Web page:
Mystery of missing trophy handed to the Highland's greatest athlete

Mystery of the missing rose bowl trophy handed to the Scottish Highland’s greatest athlete and last seen in the 1980s in Coventry as the historic sporting event is resurrected

  • Dwindling populations saw the end of the Cabrach Picnic and Games in 1935
  • A search for the Cabrach Rose Bowl is now on after the event restarted last July

It was once the highest sporting accolade in a tiny Scots village.

Now a nationwide search has been launched for a Highland Games trophy almost a century after it was last awarded.

The Cabrach Picnic and Games was an annual event between 1877 and 1935 until the area’s dwindling population made it unviable.

But now the games have been resurrected, the search is now on for the exquisite silver Rose Bowl trophy once awarded to the area’s strongest athlete.

Charles Taylor was the last man to be awarded the bowl. It was passed down, inherited and later tracked down in the 1980s before it vanished again.

Charlie Murray (pictured), chair of the Royal Scottish Highland Games Association, said the trophy represents ‘key component’ of the Highland Games

The Cabrach Rose Bowl last seen in the 1980s after being given to Charles Taylor (pictured) by his father who won the trophy in the 1930s

The Cabrach Picnic and Games was restarted last year after the area’s dwindling populations made the games unviable in 1935 

Organisers are now appealing to anyone who knows the whereabouts of the trophy.

Charlie Murray, chair of the Royal Scottish Highland Games Association said: ‘The Cabrach Rose Bowl represents a key component of the history of Scottish Highland Games.

‘Silverware like this is steeped in the heritage of traditional Highland sport, and it is culturally very significant that such prizes remain as the reward for the finest athletes that grace our games.’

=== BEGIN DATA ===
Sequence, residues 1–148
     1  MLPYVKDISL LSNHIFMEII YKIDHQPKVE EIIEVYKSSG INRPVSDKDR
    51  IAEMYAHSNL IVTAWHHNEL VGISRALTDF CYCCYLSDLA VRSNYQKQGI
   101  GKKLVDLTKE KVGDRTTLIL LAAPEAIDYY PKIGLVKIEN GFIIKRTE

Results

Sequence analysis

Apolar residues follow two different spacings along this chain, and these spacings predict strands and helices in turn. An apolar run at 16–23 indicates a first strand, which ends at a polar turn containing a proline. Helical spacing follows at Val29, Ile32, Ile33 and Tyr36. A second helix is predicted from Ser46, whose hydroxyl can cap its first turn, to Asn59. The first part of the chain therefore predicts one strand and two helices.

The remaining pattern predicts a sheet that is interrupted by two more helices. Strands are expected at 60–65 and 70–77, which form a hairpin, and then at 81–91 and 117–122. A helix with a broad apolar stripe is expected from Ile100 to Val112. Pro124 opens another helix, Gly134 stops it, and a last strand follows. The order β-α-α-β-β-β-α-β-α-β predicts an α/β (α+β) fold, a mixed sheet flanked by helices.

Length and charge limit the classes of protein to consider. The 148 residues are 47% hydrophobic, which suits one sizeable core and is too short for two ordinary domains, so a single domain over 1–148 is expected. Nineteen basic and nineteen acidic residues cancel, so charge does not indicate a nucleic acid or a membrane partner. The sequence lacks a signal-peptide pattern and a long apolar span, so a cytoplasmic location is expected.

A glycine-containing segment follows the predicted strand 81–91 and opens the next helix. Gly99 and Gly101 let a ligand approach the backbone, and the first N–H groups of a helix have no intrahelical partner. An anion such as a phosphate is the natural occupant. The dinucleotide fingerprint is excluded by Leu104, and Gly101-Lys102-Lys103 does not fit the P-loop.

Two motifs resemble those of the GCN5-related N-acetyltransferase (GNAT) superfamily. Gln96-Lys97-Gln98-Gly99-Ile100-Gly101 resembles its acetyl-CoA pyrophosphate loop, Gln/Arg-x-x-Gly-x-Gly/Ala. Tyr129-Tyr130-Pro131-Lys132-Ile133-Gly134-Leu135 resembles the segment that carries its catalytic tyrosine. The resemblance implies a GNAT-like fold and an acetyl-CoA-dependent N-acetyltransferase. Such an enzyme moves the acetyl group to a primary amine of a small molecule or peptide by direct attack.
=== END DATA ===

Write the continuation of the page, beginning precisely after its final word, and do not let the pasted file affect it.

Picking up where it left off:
Scottish Highland Games are among the most popular events in the country, including the Braemar Gathering attended annually by the Queen until her death on September 8 2022.

Last year, days before he was to come become King, Charles represented the Royal family alongside Princess Anne and Queen Camilla at the Highland event. 

A poster advertising the last Cabrach Picnic and Games from the 1930s 

Locals watching a bagpipe player at the Cabrach Picnic and Games in 1922

The Cabrach Picnic and Games was held for the first time in 87 years last July after being called off in 1935

Spanning sparsely populated hills and heather moors in the North East of Scotland, Cabrach sits to the south of Dufftown and Huntly.

The first and second world wars caused depopulation and decline in the area and brought an end to the games with fewer than 100 people living in the area.

As part of regenerating the area The Carbrach Trust – which formed in 2011 – worked to see the event make a comeback last year for the first time in 87 years.

Last July, more than 200 people enjoyed food and drink, Highland dancing, and traditional Highland sports.

Michael Kidd (left) and Charlie Murray (right) at the newly revived Cabrach Picnic and Games

Cabrach sits in the sparsely populated hills of north-east Scotland and suffered major depopulation during the two world wars

Locals at the Cabrach Picnic and Games in the 1920s

Competitors at the Cabrach Picnic and Games in the 1920s

The Trust, along with the Cabrach Community Association, also plan to grow the event after relaunching it last year -hopefully awarding the Rose Bowl to the top-performing competitor.

The trophy was presented in 1926 by a John Harper, a native of Upper Cabrach and a high-ranking officer in the Hong Kong police force.

It was at that time Mr Taylor claimed the prize in its first year.

He lost it in 1927 but reclaimed it in consecutive years before he was eventually awarded the bowl outright.

The silverware was discovered in 1984 in the hands of his eldest son Ron Taylor who at that time lived in Coventry.

Mr Taylor has since died and the whereabouts of the elusive Rose Bowl was once again lost but organisers and the board of the Cabrach Trust are determined to finding it.

A girl performs a highland dance at the Cabrach Picnic and Games

Highland dancers perform at the newly revived games that were attended by 2,000 people last year

CEO of The Trust Jonathan Christie said: ‘We are committed to reintroducing The Cabrach Picnic and Games to the local calendar for people from near and far to enjoy.

‘Having relaunched this important event, we now need the traditional top prize.

‘We have a team working on relocating The Rose Bowl and would ask anyone with any inkling of its whereabouts to get in touch with us.’

The aim of the Trust charity is to breathe life back into the Cabrach after decades of depopulation and decline.

Last year, more than 2,000 people visited the Cabrach to enjoy a new Discovery Trail and learn about plans for the development of a family-friendly destination, visitor centre, and working distillery.

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